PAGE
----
Three experts on Aboriginal tattoos and body art took part in a panel discussion during the Planet IndigenUs festival at Toronto’s Harbourfront Centre. Trish Collision (Haida), Riki Manual (Maori), and Makerita Urale (Samoan) spoke about the cultural meaning of tattooing, traditional and contemporary tattooing practices, and whether culturally specific designs should be protected and their use restricted. The panel was moderated by artist and filmmaker Kent Monkman (Cree).
“The rituals involved in Samoan tattooing, as well as the patterns used, help us memorize cultural concepts,” says Urale. “The traditional male tattoo, which extends from the waist to the knees, embodies the concept of serving the people. It’s also a rite of passage and a symbol of bravery, because it’s very bloody and sometimes takes an entire year to complete.”
In Haida culture, tattoos represent animal totems, lineage, and identity. “A Haida crest represents who that person is,” Collision says. “Since we’re matrilineal, it tells the stories of where our mothers come from, where our families are from.”
Manual, an artist and carver from Christchurch, New Zealand (Aotearoa), says when tattoos are applied to a Maori person, “We have to consider that person’s lineage. Some patterns are only used for women, and some patterns only for men.”
Manual saw traditional Maori body art – which is called ta-moko in the Maori language – when he was a child. By the late 1960s, the practice had died out, resurfacing during the cultural resurgence of the past two decades.
“Ta-moko is pretty trendy now,” Manual says, “especially for non-Maoris. We used to do ta-moko as a form of trade with foreign sailors. But I wonder sometimes whether it’s appropriate.”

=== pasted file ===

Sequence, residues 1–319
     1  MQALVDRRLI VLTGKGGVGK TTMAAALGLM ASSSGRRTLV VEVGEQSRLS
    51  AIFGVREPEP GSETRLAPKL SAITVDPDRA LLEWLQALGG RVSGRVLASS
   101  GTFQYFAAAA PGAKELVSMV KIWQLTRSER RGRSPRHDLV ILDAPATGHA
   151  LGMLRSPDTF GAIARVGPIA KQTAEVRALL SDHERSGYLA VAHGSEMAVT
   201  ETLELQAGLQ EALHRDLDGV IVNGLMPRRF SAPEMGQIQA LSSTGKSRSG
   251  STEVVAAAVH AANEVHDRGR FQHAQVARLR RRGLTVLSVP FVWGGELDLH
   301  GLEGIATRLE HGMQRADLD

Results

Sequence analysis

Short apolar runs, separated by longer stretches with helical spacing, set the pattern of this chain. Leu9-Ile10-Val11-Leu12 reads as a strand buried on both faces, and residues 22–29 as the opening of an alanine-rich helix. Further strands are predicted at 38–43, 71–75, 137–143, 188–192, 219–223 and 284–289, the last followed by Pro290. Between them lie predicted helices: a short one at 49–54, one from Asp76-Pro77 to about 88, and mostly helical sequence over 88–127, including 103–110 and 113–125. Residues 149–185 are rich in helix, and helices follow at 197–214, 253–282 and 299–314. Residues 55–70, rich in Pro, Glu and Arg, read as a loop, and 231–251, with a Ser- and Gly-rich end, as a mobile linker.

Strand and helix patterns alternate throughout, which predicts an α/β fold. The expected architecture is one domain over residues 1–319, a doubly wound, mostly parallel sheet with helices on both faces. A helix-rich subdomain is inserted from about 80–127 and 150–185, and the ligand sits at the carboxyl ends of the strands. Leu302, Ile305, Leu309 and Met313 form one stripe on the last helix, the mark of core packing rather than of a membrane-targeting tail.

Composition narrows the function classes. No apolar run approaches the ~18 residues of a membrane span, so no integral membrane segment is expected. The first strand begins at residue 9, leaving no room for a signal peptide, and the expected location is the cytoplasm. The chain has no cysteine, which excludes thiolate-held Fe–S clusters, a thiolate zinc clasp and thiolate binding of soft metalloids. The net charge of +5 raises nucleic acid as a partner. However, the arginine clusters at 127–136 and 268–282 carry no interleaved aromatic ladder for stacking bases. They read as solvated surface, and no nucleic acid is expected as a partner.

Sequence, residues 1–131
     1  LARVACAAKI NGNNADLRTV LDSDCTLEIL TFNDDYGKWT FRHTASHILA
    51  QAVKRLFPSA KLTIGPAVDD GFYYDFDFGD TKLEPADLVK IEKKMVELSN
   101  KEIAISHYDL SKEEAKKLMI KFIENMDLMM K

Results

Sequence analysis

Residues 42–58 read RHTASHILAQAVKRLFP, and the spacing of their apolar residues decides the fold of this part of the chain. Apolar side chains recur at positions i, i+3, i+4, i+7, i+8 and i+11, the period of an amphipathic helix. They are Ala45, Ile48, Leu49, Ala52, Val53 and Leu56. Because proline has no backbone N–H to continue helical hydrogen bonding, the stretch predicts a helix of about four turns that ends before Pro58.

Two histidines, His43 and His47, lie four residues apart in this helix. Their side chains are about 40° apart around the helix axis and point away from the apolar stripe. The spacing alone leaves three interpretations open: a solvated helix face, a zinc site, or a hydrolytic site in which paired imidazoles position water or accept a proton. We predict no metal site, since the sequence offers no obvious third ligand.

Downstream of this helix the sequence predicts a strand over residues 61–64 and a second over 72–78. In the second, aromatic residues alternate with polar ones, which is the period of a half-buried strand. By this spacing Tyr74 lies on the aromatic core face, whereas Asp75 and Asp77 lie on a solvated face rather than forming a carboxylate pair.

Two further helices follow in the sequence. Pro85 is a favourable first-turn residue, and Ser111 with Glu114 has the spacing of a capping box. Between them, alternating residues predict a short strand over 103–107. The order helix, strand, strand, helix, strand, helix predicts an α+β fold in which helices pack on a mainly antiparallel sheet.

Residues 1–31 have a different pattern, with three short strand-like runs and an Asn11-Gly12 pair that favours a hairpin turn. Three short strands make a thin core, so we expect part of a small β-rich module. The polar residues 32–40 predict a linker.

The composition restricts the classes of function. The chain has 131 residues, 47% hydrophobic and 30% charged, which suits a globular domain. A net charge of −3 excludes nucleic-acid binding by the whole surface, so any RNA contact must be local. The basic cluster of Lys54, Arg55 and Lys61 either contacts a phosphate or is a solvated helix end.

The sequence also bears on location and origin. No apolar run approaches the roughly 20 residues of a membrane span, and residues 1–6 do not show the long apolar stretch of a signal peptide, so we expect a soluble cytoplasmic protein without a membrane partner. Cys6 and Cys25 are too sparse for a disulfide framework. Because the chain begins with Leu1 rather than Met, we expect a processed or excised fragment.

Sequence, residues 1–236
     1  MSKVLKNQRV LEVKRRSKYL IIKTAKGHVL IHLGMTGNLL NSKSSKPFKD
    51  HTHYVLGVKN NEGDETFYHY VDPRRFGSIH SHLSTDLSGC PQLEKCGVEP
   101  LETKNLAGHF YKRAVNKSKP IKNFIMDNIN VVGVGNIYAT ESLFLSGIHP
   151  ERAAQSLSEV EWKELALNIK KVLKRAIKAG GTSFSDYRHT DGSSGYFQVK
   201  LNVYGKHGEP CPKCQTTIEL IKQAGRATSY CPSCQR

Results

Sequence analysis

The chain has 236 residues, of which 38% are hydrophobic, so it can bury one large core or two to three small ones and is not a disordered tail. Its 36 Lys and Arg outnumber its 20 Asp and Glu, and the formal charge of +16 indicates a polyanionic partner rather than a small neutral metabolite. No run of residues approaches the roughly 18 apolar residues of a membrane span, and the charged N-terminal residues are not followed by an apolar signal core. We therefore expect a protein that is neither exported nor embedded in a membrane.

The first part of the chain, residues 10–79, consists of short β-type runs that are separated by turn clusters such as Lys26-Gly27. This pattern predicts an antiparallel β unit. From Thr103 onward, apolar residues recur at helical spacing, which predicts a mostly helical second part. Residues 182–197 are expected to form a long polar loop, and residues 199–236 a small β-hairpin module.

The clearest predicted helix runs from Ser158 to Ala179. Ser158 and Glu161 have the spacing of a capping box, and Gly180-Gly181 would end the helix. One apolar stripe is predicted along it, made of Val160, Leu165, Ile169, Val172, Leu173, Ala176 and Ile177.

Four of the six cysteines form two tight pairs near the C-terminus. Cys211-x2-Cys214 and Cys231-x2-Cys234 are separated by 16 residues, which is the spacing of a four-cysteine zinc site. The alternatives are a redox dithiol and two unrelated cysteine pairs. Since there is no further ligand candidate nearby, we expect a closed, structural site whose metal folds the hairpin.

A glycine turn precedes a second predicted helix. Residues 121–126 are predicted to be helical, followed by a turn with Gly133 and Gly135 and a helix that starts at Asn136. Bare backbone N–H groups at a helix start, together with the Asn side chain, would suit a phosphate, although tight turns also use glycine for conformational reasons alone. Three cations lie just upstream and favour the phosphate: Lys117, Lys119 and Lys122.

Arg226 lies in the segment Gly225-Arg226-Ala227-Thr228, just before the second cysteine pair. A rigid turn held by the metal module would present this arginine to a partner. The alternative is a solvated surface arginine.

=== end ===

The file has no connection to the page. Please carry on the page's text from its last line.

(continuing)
Collision wonders the same thing. She once found her great-great-uncle’s designs in a tattoo parlour in Seattle, Washington. “I find it offensive when I see Haida art used for tattoos,” she says. “It’s ripping off someone’s lineage, someone else’s art. Those designs are only supposed to exist within my family.
“I appreciate that tattooing is popular. It’s a compliment; people obviously appreciate Haida aesthetics. But it’s difficult to see my grandmother’s design on someone who doesn’t know what it means.”
Urale doesn’t mind seeing non-Aboriginal people wearing Aboriginal body art. But she draws a line between those who wear it for personal reasons and those who use it to make money.
“I think it takes on a different meaning when non-Aboriginal people wear Aboriginal designs,” she says. “If they appreciate the art, that’s a good enough reason. But when it’s used for commercial purposes, that’s a different thing. Then it’s misappropriation.”
Manual, who has been a ta-moko artist since 1979, says it’s interesting to work on non-Maoris, because he can mix and match the patterns. But Maori elders haven’t always been pleased by the changes younger artists have made to the art.
“There are prayers that should be said at the beginning and at the end,” Manual says. “We try to abide by the traditional practices.”
Manual uses traditional ta-moko tools and ink. He ties a piece of albatross bone to a piece of wood from the Kauri tree and taps it with an albatross-bone hammer to insert the ink one millimetre beneath the skin. The ink is made by boiling gum from the Kauri tree, and gets its distinctive green-black colour from the soot of the fire.
Collision is currently developing a Haida tattoo kit that uses the same tapping technology. She’s basing the design on a Haida kit that was found in the Smithsonian Institute collection a few years ago.
Collision believes that Haida art should be protected by intellectual property rights or some form of copyright. Then individual artists could choose whether or not to allow their art to be used, and for what purposes.